Posts Tagged ‘Salt’

J Natl Med Assoc. 1990 Dec;82(12):837-40. “Hypertension induction in Dahl rats”

Sunday, August 1st, 2010

J Natl Med Assoc. 1990 Dec;82(12):837-40.

Hypertension induction in Dahl rats.

Flowers SW, Jamal IA, Bogden J, Thanki K, Ballester H.

University of Medicine and Dentistry of New Jersey, Maplewood.

Abstract

There is experimental and epidemiologic evidence that some minerals and trace elements play a role in hypertension. We designed an experiment in which salt and water sources were manipulated to examine the possible impact of this relationship. A strain of rats (Dahl rats) known to become hypertensive with sodium chloride ingestion was used to study the effect of salt source and water source on the induction of hypertension.

The group on tap water and table salt had blood pressures (184 mmHg +/- 19) significantly higher than every other group in the experiment. The experimental animals receiving tap water plus table salt had the highest blood pressure levels, although they consumed the lowest quantity of sodium.

Analysis of the tap water samples showed “soft water” by analysis of calcium and magnesium concentration. This could adversely affect blood pressure.

The relatively high magnesium concentration in sun evaporated sea salt may play a protective role in hypertension induction. The zinc and copper present in tap water may play an exacerbating role.

(more…)

Clin Sci (Lond). 2009 Jun 2;117(1):1-11. “Salt and high blood pressure”

Sunday, August 1st, 2010

Clin Sci (Lond). 2009 Jun 2;117(1):1-11.

Salt and high blood pressure.

Mohan S, Campbell NR.

Departments of Medicine and Community Health Sciences, University of Calgary, Calgary, Alberta, Canada.

- - - - - - - - - - - - - - - - - - - - - - - - - - - - - - - - - - - - - - - - - - - - - - - - - - - - - - - - -
An automatic insert of some related ads:

Thanks for your patronage. Article continues below:
- - - - - - - - - - - - - - - - - - - - - - - - - - - - - - - - - - - - - - - - - - - - - - - - - - - - - - - - -

Abstract

HBP (high blood pressure) is the leading risk of death in the world. Unfortunately around the world, blood pressure levels are predicted to become even higher, especially in developing countries. High dietary salt is an important contributor to increased blood pressure. The present review evaluates the association between excess dietary salt intake and the importance of a population-based strategy to lower dietary salt, and also highlights some salt-reduction strategies from selected countries. Evidence from diverse sources spanning animal, epidemiology and human intervention studies demonstrate the association between salt intake and HBP. Furthermore, animal studies indicate that short-term interventions in humans may underestimate the health risks associated with high dietary sodium. Recent intervention studies have found decreases in cardiovascular events following reductions in dietary sodium. Salt intake is high in most countries and, therefore, strategies to lower salt intake could be an effective means to reduce the increasing burden of HBP and the associated cardiovascular disease. Effective collaborative partnerships between governments, the food industry, scientific organizations and healthcare organizations are essential to achieve the WHO (World Health Organization)-recommended population-wide decrease in salt consumption to less than 5 g/day. In the milieu of increasing cardiovascular disease worldwide, particularly in resource-constrained low- and middle-income countries, salt reduction is one of the most cost-effective strategies to combat the epidemic of HBP, associated cardiovascular disease and improve population health.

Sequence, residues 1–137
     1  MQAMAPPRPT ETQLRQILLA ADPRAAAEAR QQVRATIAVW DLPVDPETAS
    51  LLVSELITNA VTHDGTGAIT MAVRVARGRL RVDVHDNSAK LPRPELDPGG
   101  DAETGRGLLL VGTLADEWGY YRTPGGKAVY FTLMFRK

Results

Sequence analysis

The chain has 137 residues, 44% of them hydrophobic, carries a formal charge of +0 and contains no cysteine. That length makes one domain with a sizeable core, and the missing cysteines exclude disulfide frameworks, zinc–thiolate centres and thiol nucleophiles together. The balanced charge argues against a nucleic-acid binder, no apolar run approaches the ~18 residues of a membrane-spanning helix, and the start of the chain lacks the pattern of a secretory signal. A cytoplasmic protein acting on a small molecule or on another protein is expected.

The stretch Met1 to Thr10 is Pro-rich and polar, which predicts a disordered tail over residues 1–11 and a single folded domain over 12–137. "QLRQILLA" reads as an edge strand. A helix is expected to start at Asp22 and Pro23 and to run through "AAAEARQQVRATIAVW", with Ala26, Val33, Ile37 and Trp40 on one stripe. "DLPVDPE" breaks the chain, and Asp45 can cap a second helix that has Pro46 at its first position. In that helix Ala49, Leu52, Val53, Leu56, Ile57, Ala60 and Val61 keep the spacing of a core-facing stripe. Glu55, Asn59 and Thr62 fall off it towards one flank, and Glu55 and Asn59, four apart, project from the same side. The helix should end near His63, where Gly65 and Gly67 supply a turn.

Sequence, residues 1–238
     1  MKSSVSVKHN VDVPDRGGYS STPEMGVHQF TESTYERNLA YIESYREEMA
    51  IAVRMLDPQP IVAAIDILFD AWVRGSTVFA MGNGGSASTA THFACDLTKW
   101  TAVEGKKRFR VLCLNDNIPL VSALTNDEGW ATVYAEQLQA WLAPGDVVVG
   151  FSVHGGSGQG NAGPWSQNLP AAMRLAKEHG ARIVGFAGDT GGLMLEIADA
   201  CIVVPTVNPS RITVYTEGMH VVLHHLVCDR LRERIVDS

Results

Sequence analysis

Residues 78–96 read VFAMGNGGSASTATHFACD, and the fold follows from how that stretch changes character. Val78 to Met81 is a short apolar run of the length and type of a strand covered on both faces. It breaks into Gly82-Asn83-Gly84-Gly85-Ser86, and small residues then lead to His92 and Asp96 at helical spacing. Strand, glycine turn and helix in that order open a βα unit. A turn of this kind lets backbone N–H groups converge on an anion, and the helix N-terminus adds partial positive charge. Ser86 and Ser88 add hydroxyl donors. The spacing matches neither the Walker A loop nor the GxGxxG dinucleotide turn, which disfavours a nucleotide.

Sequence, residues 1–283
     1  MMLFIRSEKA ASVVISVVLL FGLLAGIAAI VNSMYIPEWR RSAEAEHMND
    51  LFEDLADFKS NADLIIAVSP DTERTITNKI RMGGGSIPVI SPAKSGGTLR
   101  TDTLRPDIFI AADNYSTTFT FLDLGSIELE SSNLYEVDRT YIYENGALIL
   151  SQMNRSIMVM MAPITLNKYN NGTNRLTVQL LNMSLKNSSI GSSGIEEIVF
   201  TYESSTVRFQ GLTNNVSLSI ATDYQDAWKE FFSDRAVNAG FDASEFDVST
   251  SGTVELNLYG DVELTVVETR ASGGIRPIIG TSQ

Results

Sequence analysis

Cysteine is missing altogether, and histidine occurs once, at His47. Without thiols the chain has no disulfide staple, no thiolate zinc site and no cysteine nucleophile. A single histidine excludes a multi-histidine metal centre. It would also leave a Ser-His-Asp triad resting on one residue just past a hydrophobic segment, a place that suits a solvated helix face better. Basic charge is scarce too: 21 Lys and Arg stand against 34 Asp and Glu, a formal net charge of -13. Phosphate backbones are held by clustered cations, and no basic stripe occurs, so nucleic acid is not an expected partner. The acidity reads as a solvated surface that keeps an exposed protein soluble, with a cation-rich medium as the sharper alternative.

PMID: 19476440 [PubMed - indexed for MEDLINE]

Prog Cardiovasc Dis. 2010 Mar-Apr;52(5):363-82. “Reducing population salt intake worldwide”

Sunday, August 1st, 2010

Prog Cardiovasc Dis. 2010 Mar-Apr;52(5):363-82.

Reducing population salt intake worldwide: from evidence to implementation.

He FJ, MacGregor GA.

Wolfson Institute of Preventive Medicine, Barts and The London School of Medicine and Dentistry, Queen Mary University of London, London, UK. f.he@qmul.ac.uk

Abstract

Raised blood pressure is a major cause of cardiovascular disease, responsible for 62% of stroke and 49% of coronary heart disease. There is overwhelming evidence that dietary salt is the major cause of raised blood pressure and that a reduction in salt intake lowers blood pressure, thereby, reducing blood pressure-related diseases.

Several lines of evidence including ecological, population, and prospective cohort studies, as well as outcome trials, demonstrate that a reduction in salt intake is related to a lower risk of cardiovascular disease. Increasing evidence also suggests that a high salt intake may directly increase the risk of stroke, left ventricular hypertrophy, and renal disease; is associated with obesity through soft drink consumption; is related to renal stones and osteoporosis; is linked to the severity of asthma; and is probably a major cause of stomach cancer.